Dona Watson
Dona Watson
Phyllis Wheeler
Jill Williamson
Jill Williamson interviewing the author: “You have the chance to spend the day with any character from one of your favorite books (not one you’ve written). Who would you choose and why?” Author: “I would choose Atticus Finch from To Kill a Mockingbird. He is a loving father who displayed the highest moral character in the face of hate-filled opposition. ”
KM Wilsher

Author blog for Bryan Davis

Photo credit: http://www.flickr.com/photos/xjy/3518111488/

Starlighter by Bryan Davis, a Review

starlighter

Starlighter by Bryan Davis, a review
First book in the series Dragons of Starlight
Published 2010 by Zondervan, 400 pages
Genre:  Christian fantasy/sci fi, Young Adult appealing also to adults

This tale is told in two different worlds, neither one of them our world.  One, the home of dragons, is a place of woe and slavery for humans; the other, the home of humans, is under tyranny, at least in the location we are told about.

At some point in the past, the dragons found a gateway between the two worlds and stole some humans to start their slave colony. They required the work of human slaves to do what they could not: mine deep into their ground and release a gas that the dragons need for life, which was dwindling in their atmosphere.

In both worlds, the story of the Lost Ones is considered a fable; the human slaves think they have always been slaves on the dragon planet, and the world they left considers their story to be a fable as well.

The writer develops heroes on each world, focusing on Jason, a teenager from the human world, and Koren, a 15-year-old girl from the slave world. Jason and his two older brothers are trained warriors who want to bring the Lost Ones back. Jason risks his own lives repeatedly for the mission.  Koren, meanwhile, has amazing storytelling gifts, and so is called the Starlighter on her world.  There is  a  black dragon egg, and prophecies about great or terrible things that will happen when it hatches.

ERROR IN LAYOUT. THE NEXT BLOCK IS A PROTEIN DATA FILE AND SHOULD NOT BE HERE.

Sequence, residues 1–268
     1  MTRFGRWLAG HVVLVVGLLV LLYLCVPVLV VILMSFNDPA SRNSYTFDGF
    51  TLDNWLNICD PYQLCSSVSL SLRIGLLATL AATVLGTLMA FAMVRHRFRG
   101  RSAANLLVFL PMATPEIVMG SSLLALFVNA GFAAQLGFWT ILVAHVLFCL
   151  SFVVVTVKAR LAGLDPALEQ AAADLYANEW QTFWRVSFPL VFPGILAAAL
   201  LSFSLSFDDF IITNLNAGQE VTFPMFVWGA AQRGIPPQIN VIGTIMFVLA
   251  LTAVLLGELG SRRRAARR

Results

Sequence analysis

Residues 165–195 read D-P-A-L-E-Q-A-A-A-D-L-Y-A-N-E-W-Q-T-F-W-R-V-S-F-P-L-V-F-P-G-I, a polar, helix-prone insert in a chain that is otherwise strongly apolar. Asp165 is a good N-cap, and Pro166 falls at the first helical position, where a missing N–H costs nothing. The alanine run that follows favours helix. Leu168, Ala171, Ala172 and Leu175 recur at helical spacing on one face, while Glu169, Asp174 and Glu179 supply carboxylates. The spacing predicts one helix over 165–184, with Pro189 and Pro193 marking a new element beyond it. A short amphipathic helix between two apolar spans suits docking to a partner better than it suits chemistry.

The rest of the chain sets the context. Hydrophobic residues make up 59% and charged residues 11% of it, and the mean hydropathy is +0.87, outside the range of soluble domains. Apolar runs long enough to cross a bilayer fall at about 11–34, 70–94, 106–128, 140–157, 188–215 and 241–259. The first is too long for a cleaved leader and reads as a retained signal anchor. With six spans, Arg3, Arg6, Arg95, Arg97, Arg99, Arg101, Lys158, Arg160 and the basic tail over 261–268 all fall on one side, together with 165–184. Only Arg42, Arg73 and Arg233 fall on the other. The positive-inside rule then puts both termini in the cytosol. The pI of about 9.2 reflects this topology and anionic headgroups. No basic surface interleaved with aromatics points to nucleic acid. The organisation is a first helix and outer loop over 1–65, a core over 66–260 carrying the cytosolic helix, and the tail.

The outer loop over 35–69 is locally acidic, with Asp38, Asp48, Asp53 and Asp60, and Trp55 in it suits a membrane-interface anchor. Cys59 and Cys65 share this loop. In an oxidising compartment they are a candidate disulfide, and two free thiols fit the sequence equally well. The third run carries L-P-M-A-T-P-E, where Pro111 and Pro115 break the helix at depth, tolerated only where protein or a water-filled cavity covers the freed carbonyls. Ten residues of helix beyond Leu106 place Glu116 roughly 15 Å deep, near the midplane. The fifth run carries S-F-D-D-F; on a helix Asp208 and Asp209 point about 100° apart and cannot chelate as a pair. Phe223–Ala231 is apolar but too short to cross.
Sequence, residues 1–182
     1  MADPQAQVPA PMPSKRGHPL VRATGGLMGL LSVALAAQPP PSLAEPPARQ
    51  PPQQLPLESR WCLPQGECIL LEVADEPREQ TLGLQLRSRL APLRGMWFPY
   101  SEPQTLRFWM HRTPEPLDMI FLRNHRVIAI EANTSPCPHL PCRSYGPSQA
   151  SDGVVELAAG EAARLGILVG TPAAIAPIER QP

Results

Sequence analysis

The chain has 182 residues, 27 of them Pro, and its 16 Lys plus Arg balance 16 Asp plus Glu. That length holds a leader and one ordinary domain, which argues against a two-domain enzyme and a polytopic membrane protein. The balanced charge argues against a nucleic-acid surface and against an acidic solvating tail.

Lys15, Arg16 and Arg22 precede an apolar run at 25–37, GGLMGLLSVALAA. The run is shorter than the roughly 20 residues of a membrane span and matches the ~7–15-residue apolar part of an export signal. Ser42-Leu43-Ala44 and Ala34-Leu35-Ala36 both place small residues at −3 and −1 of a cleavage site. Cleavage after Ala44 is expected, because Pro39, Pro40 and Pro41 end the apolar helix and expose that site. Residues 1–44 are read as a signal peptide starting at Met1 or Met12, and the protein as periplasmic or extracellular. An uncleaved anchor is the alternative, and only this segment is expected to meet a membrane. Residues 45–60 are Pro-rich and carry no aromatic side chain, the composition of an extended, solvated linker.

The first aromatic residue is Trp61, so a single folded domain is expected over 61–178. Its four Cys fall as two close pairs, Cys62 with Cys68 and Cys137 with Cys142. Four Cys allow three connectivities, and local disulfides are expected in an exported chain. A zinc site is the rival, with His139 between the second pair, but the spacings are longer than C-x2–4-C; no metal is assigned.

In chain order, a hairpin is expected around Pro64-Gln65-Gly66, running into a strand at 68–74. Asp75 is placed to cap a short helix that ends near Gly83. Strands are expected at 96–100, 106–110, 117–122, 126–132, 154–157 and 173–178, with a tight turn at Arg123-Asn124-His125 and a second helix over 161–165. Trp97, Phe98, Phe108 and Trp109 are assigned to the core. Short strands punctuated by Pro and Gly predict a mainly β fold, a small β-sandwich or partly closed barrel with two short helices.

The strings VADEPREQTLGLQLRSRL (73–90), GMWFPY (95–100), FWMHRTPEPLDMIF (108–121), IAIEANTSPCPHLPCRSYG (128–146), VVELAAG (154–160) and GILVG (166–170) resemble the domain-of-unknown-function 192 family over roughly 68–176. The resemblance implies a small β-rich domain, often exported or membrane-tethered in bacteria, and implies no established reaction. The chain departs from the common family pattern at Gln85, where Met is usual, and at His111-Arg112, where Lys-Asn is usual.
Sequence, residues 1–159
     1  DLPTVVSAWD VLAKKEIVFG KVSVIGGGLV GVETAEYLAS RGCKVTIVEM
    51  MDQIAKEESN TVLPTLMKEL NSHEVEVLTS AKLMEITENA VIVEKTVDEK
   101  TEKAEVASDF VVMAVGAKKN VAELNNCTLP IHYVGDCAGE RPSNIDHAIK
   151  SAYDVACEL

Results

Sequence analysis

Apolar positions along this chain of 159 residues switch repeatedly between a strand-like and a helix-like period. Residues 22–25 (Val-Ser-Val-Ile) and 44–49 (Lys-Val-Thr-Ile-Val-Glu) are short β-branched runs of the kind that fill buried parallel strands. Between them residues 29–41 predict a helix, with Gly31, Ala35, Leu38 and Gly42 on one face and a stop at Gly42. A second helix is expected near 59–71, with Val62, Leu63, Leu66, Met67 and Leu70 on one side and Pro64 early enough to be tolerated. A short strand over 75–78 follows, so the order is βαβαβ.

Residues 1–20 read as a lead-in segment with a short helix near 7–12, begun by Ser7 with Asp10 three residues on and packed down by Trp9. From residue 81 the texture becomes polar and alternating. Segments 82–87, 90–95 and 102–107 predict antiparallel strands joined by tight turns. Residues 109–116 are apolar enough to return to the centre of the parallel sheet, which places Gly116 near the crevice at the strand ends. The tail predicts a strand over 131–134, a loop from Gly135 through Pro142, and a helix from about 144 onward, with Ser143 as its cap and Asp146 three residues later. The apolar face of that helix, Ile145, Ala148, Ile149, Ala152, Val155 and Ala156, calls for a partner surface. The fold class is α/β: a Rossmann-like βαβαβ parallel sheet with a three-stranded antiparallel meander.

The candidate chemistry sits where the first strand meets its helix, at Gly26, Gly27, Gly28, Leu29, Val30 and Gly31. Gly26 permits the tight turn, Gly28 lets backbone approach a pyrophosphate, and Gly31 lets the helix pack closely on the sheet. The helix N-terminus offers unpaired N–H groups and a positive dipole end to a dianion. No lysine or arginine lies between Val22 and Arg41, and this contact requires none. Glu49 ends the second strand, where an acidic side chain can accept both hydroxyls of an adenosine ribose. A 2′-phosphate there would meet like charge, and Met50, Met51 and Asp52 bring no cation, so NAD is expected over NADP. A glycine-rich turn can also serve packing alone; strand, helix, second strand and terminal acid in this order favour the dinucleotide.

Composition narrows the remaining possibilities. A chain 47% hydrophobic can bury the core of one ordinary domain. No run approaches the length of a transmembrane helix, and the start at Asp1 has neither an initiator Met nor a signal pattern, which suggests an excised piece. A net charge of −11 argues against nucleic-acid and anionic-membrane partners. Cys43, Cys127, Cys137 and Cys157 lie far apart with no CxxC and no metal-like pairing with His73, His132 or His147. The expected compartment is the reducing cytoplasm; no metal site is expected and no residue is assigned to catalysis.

Is this science fiction or fantasy? The book contains many classic fantasy tale elements: sentient dragons, skilled medieval-style swordsmen, a gateway between worlds, and so on. It also contains science fiction elements: gadgets such as a photo gun that doesn’t work very well, and a recording device that allows Jason to see a video of his older brother’s message from the dragon world.  There’s also some kind of gas lighting that lights up homes of the nobility.

The Christian worldview? It’s there. Koren, at least, has a strong faith in a creator God.  There are some references to the Code, apparently a version of the Bible which Koren and her fellow slaves pass around and memorize. Jason’s faith, in contrast, isn’t drawn as strongly. Perhaps it will develop more in future books.

This opening book in the series doesn’t have a major resolution, but points to the books that will follow. Eventually I got into this book and did not want to put down–it has plenty of suspenseful moments. My only objection to it is that I found Jason and his brothers’ obsession with helping the Lost Ones to be a bit unrealistic.  They were risking their lives big time to rescue some people they had never met. Is altruism that strong a motivator?–Phyllis Wheeler

This review is part of the Christian Science Fiction/Fantasy (CSFF) Blog Tour. Please check out what others on the tour are saying:

Brandon Barr
Beckie Burnham
Jeff Chapman
R. L. Copple
CSFF Blog Tour
Stacey Dale
D. G. D. Davidson
Jeff Draper
April Erwin
Andrea Graham
Tori Greene
Nikole Hahn
Ryan Heart
Becky Jesse
Cris Jesse
Jason Joyner
Julie
Carol Keen
Krystine Kercher
Dawn King
Leighton
Jane Maritz
Rebecca LuElla Miller
John W. Otte
Donita K. Paul
Crista Richey
SarahFlan
Chawna Schroeder
Rachel Starr Thomson
Steve Trower
Fred Warren
Dona Watson
Phyllis Wheeler
Jill Williamson
KM Wilsher

Author blog for Bryan Davis

American Christian Fiction Writers conference coming up

I will be going to the American Christian Fiction Writers (ACFW) conference in September. I’m all excited about it!  As my readers of this blog may or may not know, I am an aspiring fiction writer.

I’ve got a story I’m working on writing, hoping to have a good strong draft ready by time for the conference.  There are many like me.  Three of us from Missouri are going to drive together over to Indianapolis.

I joined ACFW last October and bought the conference audios from last year. I’ve listened to them many times over now. What a wealth of information for a beginner like me! I also have gotten a lot out of the email groups that ACFW offers for free.  It’s a great organization for aspiring Christian writers, no matter what your genre.